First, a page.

The key policy challenges facing countries in Central, Eastern, and Southeastern Europe remain broadly unchanged, among them supporting domestic demand, addressing financial crisis legacies, rebuilding buffers against external shocks, and improving the business environment. Country-specific priorities depend on how far along they are in the postcrisis adjustment and their exposure to external risks.
At a time when job creation tops the policy agenda globally, this issue of the Fiscal Monitor explores if and how fiscal policy can do more for jobs. It finds that while fiscal policy cannot substitute for comprehensive reforms, it can support job creation in a number of ways. First, deficit reduction can be designed and timed to minimize negative effects on employment. Second, fiscal policy can facilitate structural reforms in the labor market by offsetting their potential short term costs. And third, targeted fiscal measures, including labor tax cuts, can help tackle challenges in specific segments of the labor market, such as youth and older workers.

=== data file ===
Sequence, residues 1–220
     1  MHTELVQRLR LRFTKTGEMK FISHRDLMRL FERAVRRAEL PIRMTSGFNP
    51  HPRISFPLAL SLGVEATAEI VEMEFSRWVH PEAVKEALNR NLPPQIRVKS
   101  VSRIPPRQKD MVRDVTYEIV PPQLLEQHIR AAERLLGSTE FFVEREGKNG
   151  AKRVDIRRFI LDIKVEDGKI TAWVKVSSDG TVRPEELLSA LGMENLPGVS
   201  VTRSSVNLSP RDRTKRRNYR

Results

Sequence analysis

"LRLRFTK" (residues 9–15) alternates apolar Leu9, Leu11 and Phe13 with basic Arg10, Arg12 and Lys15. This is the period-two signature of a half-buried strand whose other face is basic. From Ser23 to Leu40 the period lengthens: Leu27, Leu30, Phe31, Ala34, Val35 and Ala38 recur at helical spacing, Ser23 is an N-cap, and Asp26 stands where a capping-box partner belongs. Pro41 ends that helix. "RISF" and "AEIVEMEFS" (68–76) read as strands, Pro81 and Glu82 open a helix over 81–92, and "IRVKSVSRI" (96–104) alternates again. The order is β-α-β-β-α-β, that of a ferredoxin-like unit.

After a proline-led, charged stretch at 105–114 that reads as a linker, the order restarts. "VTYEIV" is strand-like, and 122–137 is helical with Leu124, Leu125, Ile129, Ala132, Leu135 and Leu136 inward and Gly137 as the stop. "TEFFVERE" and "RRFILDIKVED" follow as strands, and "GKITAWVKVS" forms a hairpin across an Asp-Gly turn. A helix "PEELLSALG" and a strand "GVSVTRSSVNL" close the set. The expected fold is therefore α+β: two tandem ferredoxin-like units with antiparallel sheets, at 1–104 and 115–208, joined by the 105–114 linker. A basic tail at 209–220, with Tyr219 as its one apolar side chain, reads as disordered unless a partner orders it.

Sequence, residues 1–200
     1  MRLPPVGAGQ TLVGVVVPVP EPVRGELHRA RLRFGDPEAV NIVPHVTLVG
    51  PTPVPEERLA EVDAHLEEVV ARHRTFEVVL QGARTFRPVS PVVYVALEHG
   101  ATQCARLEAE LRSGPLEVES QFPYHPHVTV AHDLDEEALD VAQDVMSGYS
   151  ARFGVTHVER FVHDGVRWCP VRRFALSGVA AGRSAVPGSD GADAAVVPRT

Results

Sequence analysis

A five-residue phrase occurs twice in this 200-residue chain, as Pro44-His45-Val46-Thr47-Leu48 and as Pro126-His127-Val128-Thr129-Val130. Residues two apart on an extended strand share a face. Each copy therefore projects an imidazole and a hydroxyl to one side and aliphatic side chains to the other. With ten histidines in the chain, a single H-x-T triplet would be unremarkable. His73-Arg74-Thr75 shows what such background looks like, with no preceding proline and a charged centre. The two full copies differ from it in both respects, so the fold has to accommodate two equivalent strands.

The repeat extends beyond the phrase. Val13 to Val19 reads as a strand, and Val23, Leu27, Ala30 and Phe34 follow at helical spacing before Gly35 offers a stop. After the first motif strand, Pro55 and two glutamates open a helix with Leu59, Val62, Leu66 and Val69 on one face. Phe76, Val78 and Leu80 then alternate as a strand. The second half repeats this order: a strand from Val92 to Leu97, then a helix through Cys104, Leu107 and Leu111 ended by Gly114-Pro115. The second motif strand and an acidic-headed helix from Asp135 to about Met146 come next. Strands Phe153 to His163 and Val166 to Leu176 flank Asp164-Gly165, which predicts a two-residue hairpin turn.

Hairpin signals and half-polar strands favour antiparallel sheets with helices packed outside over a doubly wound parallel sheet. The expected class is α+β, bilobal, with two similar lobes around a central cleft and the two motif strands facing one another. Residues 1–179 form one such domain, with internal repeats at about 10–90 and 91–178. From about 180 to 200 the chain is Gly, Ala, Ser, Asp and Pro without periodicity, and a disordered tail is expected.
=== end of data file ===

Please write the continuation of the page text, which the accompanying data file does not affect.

Persistently high debt ratios in advanced economies and emerging fragilities in the developing world cast clouds on the global fiscal landscape. In advanced economies, with narrowing budget deficits, the average public debt ratio is expected to stabilize in 2013–14—but it will be at a historic peak. At the same time, fiscal vulnerabilities are on the rise in emerging market economies and low-income countries—on the back, in emerging market economies, of heightened financial volatility and downward revisions to potential growth, and in low-income countries, of possible shortfalls in commodity prices and aid. Strengthening fiscal balances and buttressing confidence thus remain at the top of the policy agenda. Against that backdrop, this issue explores whether and how tax reform can help strengthen public finances. Taxation is always a sensitive topic and is now more than ever at the center of policy debates around the world. Can countries tax more, better, more fairly? Results reported in this issue show that the scope to raise more revenue is limited in many advanced economies and, where tax ratios are already high, the bulk of the necessary adjustment will have to fall on spending. In emerging market economies and low-income countries, where the potential for raising revenue is often substantial, improving compliance remains a central challenge.